“He opposed collectivist policies not simply because economic science told him they were bound to inflict misery on millions. He also regarded collectivism as incompatible with authentic human freedom. Summarizing his view on economics’ relationship to morality, Röpke wrote: We need a combination of supreme moral sensitivity and economic knowledge. Economically ignorant moralism is as objectionable as morally callous economism.” (182)
Chapter I—REAPPRAISAL AFTER FIFTEEN YEARS
Personal Old and New Vistas
Market Economy and Collectivism
Chapter II—MODERN MASS SOCIETY
Mass and World Population Mass
Acute and Chronic Mass Culture
Mass and Society Boredom and Mass Society
Chapter III—THE CONDITIONS AND LIMITS OF THE MARKET
The Spiritual and Moral Setting
The Asymmetry of the Market Economy
The Political Framework of the Market Economy
Chapter IV—WELFARE STATE AND CHRONIC INFLATION
Limits and Dangers of the Welfare State
The Problem of Social Security in a Free Society
The Welfare State on the International Plane
The Theoretical Background of Chronic Inflation
The Nature of Chronic Inflation Wage Inflation Conclusions and Prospects
Chapter V—CENTRISM AND DECENTRISM
The Dividing Lines in Social Philosophy and Economic Policy
The Web of Human Relations
Reckoning Without Man
''For Röpke, economics was not simply about studying the growth of wealth; it also concerned how to create and use this wealth to facilitate the freedom and happiness of all. Hence, although Röpke regarded positive economic science as having its own worth, he recognized its limits for determining the appropriate course of action in given circumstances. Röpke believed not just that economics ultimately should serve certain values—most notably liberty and order—but also that the economy, like all facets of human existence, is not self-sufficient.''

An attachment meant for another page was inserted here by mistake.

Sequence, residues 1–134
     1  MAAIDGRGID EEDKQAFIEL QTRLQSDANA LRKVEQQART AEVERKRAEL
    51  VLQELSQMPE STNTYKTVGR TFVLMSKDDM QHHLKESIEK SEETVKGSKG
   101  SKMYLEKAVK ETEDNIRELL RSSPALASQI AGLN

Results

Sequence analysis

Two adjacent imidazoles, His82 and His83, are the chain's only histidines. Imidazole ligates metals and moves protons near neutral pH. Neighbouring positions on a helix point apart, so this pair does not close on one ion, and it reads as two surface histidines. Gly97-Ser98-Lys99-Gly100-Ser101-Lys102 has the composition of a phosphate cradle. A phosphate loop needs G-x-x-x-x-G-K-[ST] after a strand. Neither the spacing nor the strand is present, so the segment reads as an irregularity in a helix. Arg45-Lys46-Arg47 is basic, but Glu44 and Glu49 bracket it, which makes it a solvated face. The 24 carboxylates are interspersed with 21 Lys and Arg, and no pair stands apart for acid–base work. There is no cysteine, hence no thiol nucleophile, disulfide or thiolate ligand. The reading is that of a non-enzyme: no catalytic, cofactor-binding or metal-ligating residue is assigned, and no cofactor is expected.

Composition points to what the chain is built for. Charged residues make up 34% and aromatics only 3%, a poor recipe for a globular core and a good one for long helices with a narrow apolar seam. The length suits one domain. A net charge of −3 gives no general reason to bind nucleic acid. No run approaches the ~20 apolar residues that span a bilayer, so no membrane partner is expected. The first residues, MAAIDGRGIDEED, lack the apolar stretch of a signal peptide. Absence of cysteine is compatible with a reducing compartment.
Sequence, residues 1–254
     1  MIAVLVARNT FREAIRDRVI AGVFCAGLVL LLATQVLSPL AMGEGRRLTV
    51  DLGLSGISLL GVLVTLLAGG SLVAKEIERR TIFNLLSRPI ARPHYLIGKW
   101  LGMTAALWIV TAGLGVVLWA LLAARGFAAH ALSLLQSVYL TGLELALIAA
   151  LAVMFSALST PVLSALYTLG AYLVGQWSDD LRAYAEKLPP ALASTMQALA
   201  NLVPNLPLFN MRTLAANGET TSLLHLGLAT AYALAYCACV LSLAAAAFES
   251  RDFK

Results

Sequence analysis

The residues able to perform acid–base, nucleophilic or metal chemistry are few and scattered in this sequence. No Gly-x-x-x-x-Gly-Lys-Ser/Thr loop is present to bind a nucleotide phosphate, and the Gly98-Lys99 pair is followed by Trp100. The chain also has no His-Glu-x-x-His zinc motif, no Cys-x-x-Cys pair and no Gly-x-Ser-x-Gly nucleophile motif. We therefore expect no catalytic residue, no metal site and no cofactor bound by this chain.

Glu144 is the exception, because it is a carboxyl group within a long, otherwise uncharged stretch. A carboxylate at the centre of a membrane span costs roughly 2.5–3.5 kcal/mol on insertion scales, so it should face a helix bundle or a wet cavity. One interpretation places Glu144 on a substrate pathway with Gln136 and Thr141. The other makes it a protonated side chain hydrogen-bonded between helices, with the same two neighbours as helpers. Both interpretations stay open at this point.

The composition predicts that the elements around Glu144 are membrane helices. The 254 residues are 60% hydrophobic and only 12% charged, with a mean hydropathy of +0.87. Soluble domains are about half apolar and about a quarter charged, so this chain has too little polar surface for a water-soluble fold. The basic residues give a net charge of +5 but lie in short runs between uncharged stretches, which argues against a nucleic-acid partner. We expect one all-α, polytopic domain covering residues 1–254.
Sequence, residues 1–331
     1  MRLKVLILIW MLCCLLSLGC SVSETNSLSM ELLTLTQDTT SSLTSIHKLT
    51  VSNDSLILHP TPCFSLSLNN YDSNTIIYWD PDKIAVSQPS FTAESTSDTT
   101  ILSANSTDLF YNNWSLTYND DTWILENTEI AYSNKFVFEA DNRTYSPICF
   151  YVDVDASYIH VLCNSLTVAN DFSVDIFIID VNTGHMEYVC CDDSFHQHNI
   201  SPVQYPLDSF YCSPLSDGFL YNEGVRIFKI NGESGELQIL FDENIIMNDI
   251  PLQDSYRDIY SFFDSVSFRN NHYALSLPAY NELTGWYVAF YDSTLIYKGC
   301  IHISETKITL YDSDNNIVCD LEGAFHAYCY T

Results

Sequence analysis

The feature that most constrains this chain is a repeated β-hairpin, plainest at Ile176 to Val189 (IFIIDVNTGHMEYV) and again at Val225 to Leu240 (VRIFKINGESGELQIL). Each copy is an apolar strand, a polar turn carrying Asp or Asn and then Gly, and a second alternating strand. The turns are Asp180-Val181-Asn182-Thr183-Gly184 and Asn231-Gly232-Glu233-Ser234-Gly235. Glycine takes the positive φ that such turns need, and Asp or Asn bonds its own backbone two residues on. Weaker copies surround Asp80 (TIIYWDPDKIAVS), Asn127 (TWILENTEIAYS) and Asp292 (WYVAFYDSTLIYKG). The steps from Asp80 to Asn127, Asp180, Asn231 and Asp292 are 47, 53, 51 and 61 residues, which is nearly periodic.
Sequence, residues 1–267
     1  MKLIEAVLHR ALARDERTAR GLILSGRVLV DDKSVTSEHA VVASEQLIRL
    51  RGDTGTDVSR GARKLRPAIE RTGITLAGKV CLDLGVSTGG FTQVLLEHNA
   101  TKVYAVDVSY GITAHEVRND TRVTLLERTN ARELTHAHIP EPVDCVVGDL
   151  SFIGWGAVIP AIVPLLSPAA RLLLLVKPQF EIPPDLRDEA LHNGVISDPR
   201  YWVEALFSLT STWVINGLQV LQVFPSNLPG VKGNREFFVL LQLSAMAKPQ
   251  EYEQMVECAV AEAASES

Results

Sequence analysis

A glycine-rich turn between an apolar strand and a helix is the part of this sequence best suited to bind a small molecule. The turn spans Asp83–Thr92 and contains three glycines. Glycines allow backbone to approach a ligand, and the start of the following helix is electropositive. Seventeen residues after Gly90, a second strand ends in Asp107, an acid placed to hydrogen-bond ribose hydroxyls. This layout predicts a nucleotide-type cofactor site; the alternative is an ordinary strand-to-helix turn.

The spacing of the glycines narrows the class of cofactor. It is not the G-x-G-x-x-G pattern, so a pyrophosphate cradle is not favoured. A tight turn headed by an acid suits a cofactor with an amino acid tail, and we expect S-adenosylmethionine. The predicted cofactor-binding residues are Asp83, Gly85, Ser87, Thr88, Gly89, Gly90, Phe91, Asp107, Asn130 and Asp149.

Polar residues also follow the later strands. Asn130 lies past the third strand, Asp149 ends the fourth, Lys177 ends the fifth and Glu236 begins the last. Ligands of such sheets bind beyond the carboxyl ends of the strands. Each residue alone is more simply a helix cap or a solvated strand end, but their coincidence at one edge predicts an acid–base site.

What is the foundation?
''In A Humane Economy he wrote: The market economy, and with it social and political freedom, can thrive only as a part and under the protection of a bourgeois system. This implies the existence of a society in which certain fundamentals are respected and color the whole network of social relationships: individual effort and responsibility, absolute norms and values, independence based on ownership, prudence and daring, calculating and saving, responsibility for planning one’s own life, proper coherence with the community, family feeling, a sense of tradition and the succession of generations combined with an open-minded view of the present and the future, proper tension between individual and community, firm moral discipline, respect for the value of money, the courage to grapple on one’s own with life and its uncertainties, a sense of the natural order of things, and a firm scale of values.''
'' Röpke supported free markets rather than socialism not merely because markets were more efficient from the standpoint of utility. Markets also allowed people to exercise their freedom in ways that brought a certain order to human affairs, while simultaneously solving the economic problem of scarcity. In part, Röpke’s conclusions were derived from empirical observation concerning the operations of markets and planned economies and their respective consequences for political order. Yet they also owed something to his long observation of human nature and certain conclusions that he reached about the character of human beings. Humans, he claimed, were driven to a large extent by the type of enlightened self-interest Alexis de Tocqueville portrayed in Democracy in America. But Röpke’s understanding of man—his philosophical anthropology—is also rooted in what might be called the tradition of Christian realism often associated with St. Augustine.''
This is a deep, broad, through synthesis of human life.
Röpke is not obscure, but is writing for scholars or the erudite reader. Mentions Pascal six times, Marx ten, Acton five, Smith five, Mises thirteen, Hayek thirteen, Burke eleven. Ortega y Gassett is referenced five times; however, his ''Revolt of the Masses'' plays a key role in Röpke's thought. This is almost an extension of that earlier writing.
About one hundred thirty notes. Same extensive and worth examining for themselves! The links worked great on my iPad.
Detailed index with working links.